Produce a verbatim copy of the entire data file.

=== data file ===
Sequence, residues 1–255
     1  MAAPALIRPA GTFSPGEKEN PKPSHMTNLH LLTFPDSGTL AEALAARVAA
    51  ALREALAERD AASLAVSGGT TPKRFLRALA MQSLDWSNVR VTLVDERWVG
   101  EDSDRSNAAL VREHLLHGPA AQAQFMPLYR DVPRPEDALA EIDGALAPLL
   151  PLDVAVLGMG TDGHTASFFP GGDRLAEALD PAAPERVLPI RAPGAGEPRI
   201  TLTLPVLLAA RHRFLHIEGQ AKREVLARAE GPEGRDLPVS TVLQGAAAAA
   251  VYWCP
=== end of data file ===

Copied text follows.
Sequence, residues 1–255
     1  MAAPALIRPA GTFSPGEKEN PKPSHMTNLH LLTFPDSGTL AEALAARVAA
    51  ALREALAERD AASLAVSGGT TPKRFLRALA MQSLDWSNVR VTLVDERWVG
   101  EDSDRSNAAL VREHLLHGPA AQAQFMPLYR DVPRPEDALA EIDGALAPLL
   151  PLDVAVLGMG TDGHTASFFP GGDRLAEALD PAAPERVLPI RAPGAGEPRI
   201  TLTLPVLLAA RHRFLHIEGQ AKREVLARAE GPEGRDLPVS TVLQGAAAAA
   251  VYWCP